Indonesia Cuts Gas Supply to Singapore by 40%

Gas Supply

Singapore will certainly get additional gas supply after Indonesia extends the supply contract to Singapore from 2023 to 2028. Even though the contract is extended, the gas supply to the country will be cut by 30% – 40%.

Head of SKK Migas Dwi Soetjipto explained that the volume cut in this latest contract is considering the increase in domestic gas demand. In this way, gas supply will be prioritized for the domestic market.

“Because the domestic industry is increasing, Pupuk asked for more, then West Java also increased. Central Sumatra is the advantage, he also has to meet West Java through pipes,” he said when met at the Ministry of Energy and Mineral Resources building recently.

In addition, according to Dwi, the policy of gas exports to foreign countries is to keep gas production running. Moreover, the price of gas sold to Singapore has increased compared to the previous contract.

Meanwhile, the process of signing the gas purchase agreement contract itself is expected to be completed soon. Considering the gas sales contract to Singapore will expire in 2023.

“Maybe it will be (signed) soon because it will end in 2023, if not after being approved, we will have to move to LNG, right, we have to prepare the infrastructure,” he said.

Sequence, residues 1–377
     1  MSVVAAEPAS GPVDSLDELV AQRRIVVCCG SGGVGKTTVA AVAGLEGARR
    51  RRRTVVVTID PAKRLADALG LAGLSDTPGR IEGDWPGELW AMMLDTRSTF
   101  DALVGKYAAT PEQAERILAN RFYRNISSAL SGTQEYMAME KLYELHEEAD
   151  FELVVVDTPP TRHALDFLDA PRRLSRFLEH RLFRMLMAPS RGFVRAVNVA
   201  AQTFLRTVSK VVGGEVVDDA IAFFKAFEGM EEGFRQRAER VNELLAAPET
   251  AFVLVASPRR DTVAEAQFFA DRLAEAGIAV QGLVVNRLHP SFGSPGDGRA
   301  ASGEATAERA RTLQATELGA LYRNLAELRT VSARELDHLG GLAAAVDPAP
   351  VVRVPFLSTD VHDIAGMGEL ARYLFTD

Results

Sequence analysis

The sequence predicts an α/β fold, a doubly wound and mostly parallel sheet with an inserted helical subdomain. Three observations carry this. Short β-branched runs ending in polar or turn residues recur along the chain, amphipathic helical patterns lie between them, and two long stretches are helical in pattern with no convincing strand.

The Ministry of Energy and Mineral Resources (ESDM) previously confirmed that Indonesia would extend the gas sales contract to Singapore.

The gas contract, which was originally set to expire in 2023, will then be extended for the next five years or until 2028.

Minister of Energy and Mineral Resources Arifin Tasrif revealed that Singapore had asked for assistance so that Indonesia would continue to supply natural gas.

The government’s decision to extend the natural gas sales contract makes Singapore a little relieved. This is because Singapore has been relying on natural gas imported from Indonesia for its power generation needs.

This indicates that Singapore still has a fairly high dependence on Indonesian gas sources.

“We still have gas, so we give it, so it’s extended by 5 years. 5 years first. We have supplies, there are things we need, we have to help,” said Arifin.

Arifin assessed that the contract period for gas sales to Singapore is up to five years, considering the condition of the domestic gas supply.

Even the volume exported for this new contract will experience a decrease compared to the previous contract.

“It’s not the same, because domestic demand is increasing again and the production of the wells has also started to decrease. Domestic demand is increasing,” said Arifin.